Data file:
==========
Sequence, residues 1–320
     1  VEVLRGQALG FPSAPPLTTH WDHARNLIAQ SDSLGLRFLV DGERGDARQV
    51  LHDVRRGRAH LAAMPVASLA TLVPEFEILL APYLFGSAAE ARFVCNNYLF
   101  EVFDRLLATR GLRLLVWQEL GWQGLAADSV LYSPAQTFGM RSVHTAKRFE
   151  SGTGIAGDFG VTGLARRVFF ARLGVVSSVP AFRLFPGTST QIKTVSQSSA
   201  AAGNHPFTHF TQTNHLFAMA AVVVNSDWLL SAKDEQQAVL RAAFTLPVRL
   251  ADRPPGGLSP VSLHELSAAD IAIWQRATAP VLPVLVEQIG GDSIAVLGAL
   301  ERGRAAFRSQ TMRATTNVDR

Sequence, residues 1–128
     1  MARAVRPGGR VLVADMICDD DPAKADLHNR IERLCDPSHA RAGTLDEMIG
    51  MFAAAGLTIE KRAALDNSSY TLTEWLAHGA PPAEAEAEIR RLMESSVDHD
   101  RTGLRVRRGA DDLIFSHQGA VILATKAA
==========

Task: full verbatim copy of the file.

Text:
Sequence, residues 1–320
     1  VEVLRGQALG FPSAPPLTTH WDHARNLIAQ SDSLGLRFLV DGERGDARQV
    51  LHDVRRGRAH LAAMPVASLA TLVPEFEILL APYLFGSAAE ARFVCNNYLF
   101  EVFDRLLATR GLRLLVWQEL GWQGLAADSV LYSPAQTFGM RSVHTAKRFE
   151  SGTGIAGDFG VTGLARRVFF ARLGVVSSVP AFRLFPGTST QIKTVSQSSA
   201  AAGNHPFTHF TQTNHLFAMA AVVVNSDWLL SAKDEQQAVL RAAFTLPVRL
   251  ADRPPGGLSP VSLHELSAAD IAIWQRATAP VLPVLVEQIG GDSIAVLGAL
   301  ERGRAAFRSQ TMRATTNVDR

Sequence, residues 1–128
     1  MARAVRPGGR VLVADMICDD DPAKADLHNR IERLCDPSHA RAGTLDEMIG
    51  MFAAAGLTIE KRAALDNSSY TLTEWLAHGA PPAEAEAEIR RLMESSVDHD
   101  RTGLRVRRGA DDLIFSHQGA VILATKAA